abstract = "Background: Medical students learn about death, dying, and palliative care (DDPC) through formal curricular offerings and informal clinical experiences; however, the lessons learned in the clinic may be at odds with the formal curriculum. Reflective writing is a means for students to “bracket” their DDPC experiences and reconcile conflicts between the formal and informal curriculum. Objectives: The aim of this study is to compare the level of reflection demonstrated in medical students’ narratives on DDPC with other experiences and to examine the domains of professionalism that students perceive to be prevalent in their DDPC experiences. Methods: Third-year medical students submitted professionalism narratives during their internal medicine clerkship. We identified a subset of narratives related to DDPC (n = 388) and randomly selected control narratives (n = 153). We assessed the level of reflection demonstrated in the narratives using a validated rubric and analyzed the professionalism domains that students identified as relevant to their experience. Results: There was no difference in reflective level between DDPC and control narratives. Within the DDPC group, female students demonstrated higher reflection (2.24 ± 0.71) than male students (2.01 ± 0.77; P <.001). Caring, compassion and communication, and honor and integrity were prominent among DDPC narratives. More females identified caring, compassion, and communication as relevant to their DDPC experiences, whereas more males identified altruism. Conclusion: Males and females have different perceptions of DDPC experiences, and female students appear to be more deeply impacted. These findings can help clinical faculty engage students more effectively with this challenging topic.",
keywords = "death, dying, end-of-life care, medical education, palliative care, professionalism, reflection",
author = "Hoffman, {Leslie A.} and Rakesh Mehta and Toan Vu and Richard Frankel",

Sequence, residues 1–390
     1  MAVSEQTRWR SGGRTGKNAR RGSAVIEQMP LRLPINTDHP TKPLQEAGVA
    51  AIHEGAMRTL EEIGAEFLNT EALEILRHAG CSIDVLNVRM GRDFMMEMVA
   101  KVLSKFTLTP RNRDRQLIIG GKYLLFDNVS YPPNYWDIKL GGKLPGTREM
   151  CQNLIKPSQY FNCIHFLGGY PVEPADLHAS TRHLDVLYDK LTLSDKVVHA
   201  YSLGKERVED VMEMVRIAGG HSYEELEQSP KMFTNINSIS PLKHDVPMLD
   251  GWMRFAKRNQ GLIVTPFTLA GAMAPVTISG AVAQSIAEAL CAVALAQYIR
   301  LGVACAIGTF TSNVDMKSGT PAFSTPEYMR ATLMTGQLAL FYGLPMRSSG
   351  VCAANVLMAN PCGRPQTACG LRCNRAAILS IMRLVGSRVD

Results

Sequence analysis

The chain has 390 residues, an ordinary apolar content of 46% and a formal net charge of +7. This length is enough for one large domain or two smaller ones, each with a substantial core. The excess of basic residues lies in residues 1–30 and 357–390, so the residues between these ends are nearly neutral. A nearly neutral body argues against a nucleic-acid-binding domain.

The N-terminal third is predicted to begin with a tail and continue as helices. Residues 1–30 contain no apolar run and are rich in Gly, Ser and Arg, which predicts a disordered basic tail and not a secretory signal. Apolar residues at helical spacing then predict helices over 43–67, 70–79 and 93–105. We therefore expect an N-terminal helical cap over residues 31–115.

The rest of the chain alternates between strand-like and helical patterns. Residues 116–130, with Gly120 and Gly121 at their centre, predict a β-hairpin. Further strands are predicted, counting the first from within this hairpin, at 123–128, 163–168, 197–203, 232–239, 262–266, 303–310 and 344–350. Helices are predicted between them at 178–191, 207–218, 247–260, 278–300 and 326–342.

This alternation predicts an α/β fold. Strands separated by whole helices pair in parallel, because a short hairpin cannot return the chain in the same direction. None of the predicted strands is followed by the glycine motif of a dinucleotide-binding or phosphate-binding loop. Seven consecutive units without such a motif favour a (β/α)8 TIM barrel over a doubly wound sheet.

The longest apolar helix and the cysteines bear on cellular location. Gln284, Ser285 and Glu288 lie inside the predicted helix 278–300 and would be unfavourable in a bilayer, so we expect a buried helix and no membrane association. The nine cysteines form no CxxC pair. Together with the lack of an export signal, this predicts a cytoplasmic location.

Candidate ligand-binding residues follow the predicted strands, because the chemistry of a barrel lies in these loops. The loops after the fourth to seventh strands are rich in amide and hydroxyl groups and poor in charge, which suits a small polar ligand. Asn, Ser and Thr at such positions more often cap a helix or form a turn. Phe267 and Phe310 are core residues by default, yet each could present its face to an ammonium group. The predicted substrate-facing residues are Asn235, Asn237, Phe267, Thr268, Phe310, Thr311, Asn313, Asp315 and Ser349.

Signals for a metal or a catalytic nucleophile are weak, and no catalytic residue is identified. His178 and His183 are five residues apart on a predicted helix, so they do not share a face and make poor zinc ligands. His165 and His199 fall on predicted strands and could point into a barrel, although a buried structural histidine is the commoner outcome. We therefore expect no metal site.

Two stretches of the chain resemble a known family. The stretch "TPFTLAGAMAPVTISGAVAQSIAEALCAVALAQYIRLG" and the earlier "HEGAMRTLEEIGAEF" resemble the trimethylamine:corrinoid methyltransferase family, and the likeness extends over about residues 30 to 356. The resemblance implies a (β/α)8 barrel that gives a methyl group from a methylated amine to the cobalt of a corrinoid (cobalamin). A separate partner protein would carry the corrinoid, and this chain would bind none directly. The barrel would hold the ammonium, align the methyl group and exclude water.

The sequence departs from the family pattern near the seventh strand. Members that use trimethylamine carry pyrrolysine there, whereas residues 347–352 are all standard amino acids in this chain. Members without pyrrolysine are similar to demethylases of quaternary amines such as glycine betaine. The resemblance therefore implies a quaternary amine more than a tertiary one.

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N2 - Background: Medical students learn about death, dying, and palliative care (DDPC) through formal curricular offerings and informal clinical experiences; however, the lessons learned in the clinic may be at odds with the formal curriculum. Reflective writing is a means for students to “bracket” their DDPC experiences and reconcile conflicts between the formal and informal curriculum. Objectives: The aim of this study is to compare the level of reflection demonstrated in medical students’ narratives on DDPC with other experiences and to examine the domains of professionalism that students perceive to be prevalent in their DDPC experiences. Methods: Third-year medical students submitted professionalism narratives during their internal medicine clerkship. We identified a subset of narratives related to DDPC (n = 388) and randomly selected control narratives (n = 153). We assessed the level of reflection demonstrated in the narratives using a validated rubric and analyzed the professionalism domains that students identified as relevant to their experience. Results: There was no difference in reflective level between DDPC and control narratives. Within the DDPC group, female students demonstrated higher reflection (2.24 ± 0.71) than male students (2.01 ± 0.77; P <.001). Caring, compassion and communication, and honor and integrity were prominent among DDPC narratives. More females identified caring, compassion, and communication as relevant to their DDPC experiences, whereas more males identified altruism. Conclusion: Males and females have different perceptions of DDPC experiences, and female students appear to be more deeply impacted. These findings can help clinical faculty engage students more effectively with this challenging topic.